NYQM The New York Quarterly Meeting the Religious Society of Friends (Quakers)

NYC Quakers are part of New York Quarterly Meeting, or NYQM, the organization that consists of the Quaker congregations (often referred to as meetings) in New York City. These meetings include Fifteenth Street, Brooklyn, Flushing, Morningside, Manhattan, and Staten Island. NYQM helps NYC Quakers gather, counsel, worship, take action, and conduct business together.

 

You are warmly invited to a meeting for worship. (Note that Quakers use “meeting” to mean both a congregation and a gathering for worship, which can be a little confusing.) “Hybrid” means the meeting is held both in person and online.
15th Street Meeting: largest weekly meeting for worship is 11:00 am on Sundays, hybrid (Zoom link here); An earlier in person meeting for worship is held at 9:30 am on Sundays.
Brooklyn Meeting: largest weekly meeting for worship is 11:00 am on Sundays, hybrid (Zoom link here). Smaller weekly meetings for worship: 9:00 am in person, Sundays; 9:00 am online, Sundays (Zoom link here); midweek meeting online, 6:30 pm, Tuesdays (Zoom link here).
Morningside Meeting: worship at 11:00 am on Sundays, hybrid (details here)
Flushing Meeting: worship at 11:00 am on Sundays, hybrid (details here)
Manhattan Meeting: semi-programmed hybrid worship at 9:30 am; on first and third Sundays, worship is hybrid; on second, fourth and fifth Sundays, worship is online only (details here)
Staten Island Meeting: 10:10 am on 2nd and 4th Sundays, hybrid (details here)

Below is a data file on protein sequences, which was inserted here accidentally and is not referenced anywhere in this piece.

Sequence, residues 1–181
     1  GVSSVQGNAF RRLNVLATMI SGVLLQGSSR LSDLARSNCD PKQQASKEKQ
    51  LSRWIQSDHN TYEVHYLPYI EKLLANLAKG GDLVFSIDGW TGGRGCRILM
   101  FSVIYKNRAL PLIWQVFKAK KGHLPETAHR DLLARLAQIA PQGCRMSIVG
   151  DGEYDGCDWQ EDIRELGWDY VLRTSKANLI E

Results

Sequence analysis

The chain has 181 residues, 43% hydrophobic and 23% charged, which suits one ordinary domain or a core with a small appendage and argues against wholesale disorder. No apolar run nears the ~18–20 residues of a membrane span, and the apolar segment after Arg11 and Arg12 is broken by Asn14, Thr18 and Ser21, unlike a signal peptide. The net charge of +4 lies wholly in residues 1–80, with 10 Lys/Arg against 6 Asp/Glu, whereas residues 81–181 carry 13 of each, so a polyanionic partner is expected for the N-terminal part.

Downtown Manhattan Allowed Meeting: 6:00 pm on Spring & Summer Thursdays, beginning of May to end of September, outside in person at the labyrinth in the northeast corner of Battery Park. (Facebook page here)

Job Opening: Senior Operations Manager

Statements About the Conflict in Gaza and Israel

At the January 2024 quarterly business meeting we heard statements on the conflict in Gaza and Israel that were brought by Brooklyn, Morningside, and 15th Street Meetings. You can read all three statements here. The minute below gives a overview of each statement and the actions we are taking:

Minute 2024.01.09.  Brooklyn, Morningside, and 15th Street Meetings all submitted minutes on the conflict in Israel and Gaza as part of their reports to the quarter; the minutes are gathered here.

Todd Drake, clerk of Brooklyn Meeting’s Peace and Social Action Committee, reads the minute from Brooklyn, which approved this statement after much discernment and seasoning. The minute re-affirms the Quaker peace testimony and expresses horror at the killings on all sides in Israel, Gaza, the West Bank, and the entire Middle East. Quakers see that of God in all people. The minute states a recommitment to conflict mediation, and a desire for love to prevail over dehumanization. Force may subdue, but love gains.

Jason McGill, clerk of Morningside Meeting, reads the minute from Morningside. Morningside re-affirms the Quaker Peace Testimony. They ask the US government to withhold further military aid to Israel and to work toward a ceasefire. 50% of the casualties in Gaza have been women and children. They ask for a free flow of humanitarian aid to Gaza, and for a commitment to ensuring the civil rights of the Palestinian community to stop the cycle of violence.